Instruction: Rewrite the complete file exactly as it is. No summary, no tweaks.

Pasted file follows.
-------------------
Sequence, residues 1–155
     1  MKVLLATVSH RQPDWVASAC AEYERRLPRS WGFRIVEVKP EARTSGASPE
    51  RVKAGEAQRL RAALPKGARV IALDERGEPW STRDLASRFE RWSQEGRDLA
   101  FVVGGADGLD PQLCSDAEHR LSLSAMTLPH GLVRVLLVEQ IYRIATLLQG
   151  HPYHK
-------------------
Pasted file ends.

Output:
Sequence, residues 1–155
     1  MKVLLATVSH RQPDWVASAC AEYERRLPRS WGFRIVEVKP EARTSGASPE
    51  RVKAGEAQRL RAALPKGARV IALDERGEPW STRDLASRFE RWSQEGRDLA
   101  FVVGGADGLD PQLCSDAEHR LSLSAMTLPH GLVRVLLVEQ IYRIATLLQG
   151  HPYHK